Critics of Obamacare believed hopes of the Supreme Court striking down the key provisions of the federal health-care takeover were dashed when the individual mandate was upheld in June.
But on Monday, the justices ordered the Fourth U.S. Circuit Court of Appeals to reconsider a suit filed by Liberty University that argues the individual and employer mandates are unconstitutional because they infringe on the free exercise of religion.
That argument was not part of the arguments in the cases decided in June. Liberty University contends the mandates require business owners and individuals to fund abortions, even though millions consider abortion in gross violation of their religious beliefs.
Mathew Staver is chairman of Liberty Counsel and represents Liberty University in this case. He told WND's Greg Corombos Monday's ruling doesn't guarantee anything in terms of a final verdict, but it's still very significant.
"This is huge. It revives our challenge to Obamacare," Staver said. "I believe it sends a good sign and a good message, and I'm very encouraged by the Supreme Court's decision."
The appeals court will likely hear arguments in the next few months, with a decision expected in late spring. Staver previewed the university's case.
"We will argue several things, including whether the employer mandate is constitutional," he explained. "We believe it exceeds congressional authority under the Constitution. But even if the Supreme Court were to uphold the employer mandate, we believe that it collides with the free exercise of religion, because Liberty University, like other religiously affiliated employers, will have to fund abortion. It also requires funding contraception and sterilization, which certainly collides with many other Roman Catholic beliefs."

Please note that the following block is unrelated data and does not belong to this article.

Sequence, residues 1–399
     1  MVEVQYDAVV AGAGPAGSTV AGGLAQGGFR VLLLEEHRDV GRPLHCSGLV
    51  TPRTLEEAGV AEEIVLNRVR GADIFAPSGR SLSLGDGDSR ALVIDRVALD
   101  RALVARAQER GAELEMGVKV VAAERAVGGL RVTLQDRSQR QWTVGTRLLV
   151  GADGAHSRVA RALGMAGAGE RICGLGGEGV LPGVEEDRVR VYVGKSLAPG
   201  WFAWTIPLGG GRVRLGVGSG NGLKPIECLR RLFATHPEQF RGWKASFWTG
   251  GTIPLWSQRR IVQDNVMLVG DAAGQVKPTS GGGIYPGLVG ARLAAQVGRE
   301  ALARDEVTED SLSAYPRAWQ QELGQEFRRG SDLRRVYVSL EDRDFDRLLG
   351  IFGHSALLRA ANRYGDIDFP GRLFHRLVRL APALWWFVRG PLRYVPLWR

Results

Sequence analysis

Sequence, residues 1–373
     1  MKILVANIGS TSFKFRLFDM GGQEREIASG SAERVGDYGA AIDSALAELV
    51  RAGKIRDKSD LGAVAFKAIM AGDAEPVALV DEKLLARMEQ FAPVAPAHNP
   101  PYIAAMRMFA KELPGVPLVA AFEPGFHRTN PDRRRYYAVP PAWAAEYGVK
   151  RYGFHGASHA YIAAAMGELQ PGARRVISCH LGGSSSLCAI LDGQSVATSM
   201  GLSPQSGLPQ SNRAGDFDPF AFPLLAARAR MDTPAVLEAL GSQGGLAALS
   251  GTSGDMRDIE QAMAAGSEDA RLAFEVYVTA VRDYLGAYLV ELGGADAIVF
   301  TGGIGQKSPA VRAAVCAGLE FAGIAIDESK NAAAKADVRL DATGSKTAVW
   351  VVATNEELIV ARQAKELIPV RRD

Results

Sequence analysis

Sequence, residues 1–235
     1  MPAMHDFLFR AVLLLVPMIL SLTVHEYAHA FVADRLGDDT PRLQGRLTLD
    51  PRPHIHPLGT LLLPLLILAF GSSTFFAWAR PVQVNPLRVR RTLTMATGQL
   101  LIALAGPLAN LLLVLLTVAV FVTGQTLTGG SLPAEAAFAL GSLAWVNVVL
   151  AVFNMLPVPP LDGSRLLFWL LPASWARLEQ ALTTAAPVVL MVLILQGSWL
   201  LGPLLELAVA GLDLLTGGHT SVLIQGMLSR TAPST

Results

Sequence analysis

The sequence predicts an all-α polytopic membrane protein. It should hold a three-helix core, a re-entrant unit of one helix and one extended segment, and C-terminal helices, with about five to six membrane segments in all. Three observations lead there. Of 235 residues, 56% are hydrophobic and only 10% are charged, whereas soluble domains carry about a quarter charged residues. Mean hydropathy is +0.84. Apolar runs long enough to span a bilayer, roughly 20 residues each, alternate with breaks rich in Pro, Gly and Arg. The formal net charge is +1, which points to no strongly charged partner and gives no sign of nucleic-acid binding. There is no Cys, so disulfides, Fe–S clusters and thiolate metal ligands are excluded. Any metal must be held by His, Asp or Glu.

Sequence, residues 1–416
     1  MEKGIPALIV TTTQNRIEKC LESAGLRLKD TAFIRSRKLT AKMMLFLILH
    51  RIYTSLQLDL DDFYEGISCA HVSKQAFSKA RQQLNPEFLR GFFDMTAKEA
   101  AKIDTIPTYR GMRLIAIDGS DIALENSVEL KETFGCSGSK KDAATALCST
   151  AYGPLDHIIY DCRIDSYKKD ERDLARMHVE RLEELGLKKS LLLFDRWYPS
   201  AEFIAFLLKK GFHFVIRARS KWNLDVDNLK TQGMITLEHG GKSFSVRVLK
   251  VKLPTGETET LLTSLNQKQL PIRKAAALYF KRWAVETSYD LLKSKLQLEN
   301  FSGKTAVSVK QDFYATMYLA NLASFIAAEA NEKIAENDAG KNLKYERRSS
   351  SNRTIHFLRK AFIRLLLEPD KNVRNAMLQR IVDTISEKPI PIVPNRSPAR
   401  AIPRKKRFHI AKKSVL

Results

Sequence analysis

Staver said the university will clearly state that all abortions – whether chemically induced by drugs shortly after conception or performed in an abortion clinic – are equally reprehensible to many people of faith.
"God created human life. Its sanctity and dignity are protected by God," Staver said. "We have no right to take innocent human lives, and certainly we cannot be forced to fund the taking of innocent life – basically forced to fund murder. We can't do that. That's a line that we simply cannot cross."
There is no middle ground in this fight, according to Staver. He said if this law is upheld, people will have to choose between obeying the law and adhering to their faith.
"Either you follow your conscience and your free exercise of religious convictions and you disobey the law, or you obey the law and you disobey your conscience and your free exercise of religion," he said. "There's no in-between. This is a direct collision with the free exercise of religion that's unprecedented in the scope of our history."
Staver noted that the case will inevitably end up back at the Supreme Court, with a final verdict probably coming in the first half of 2014.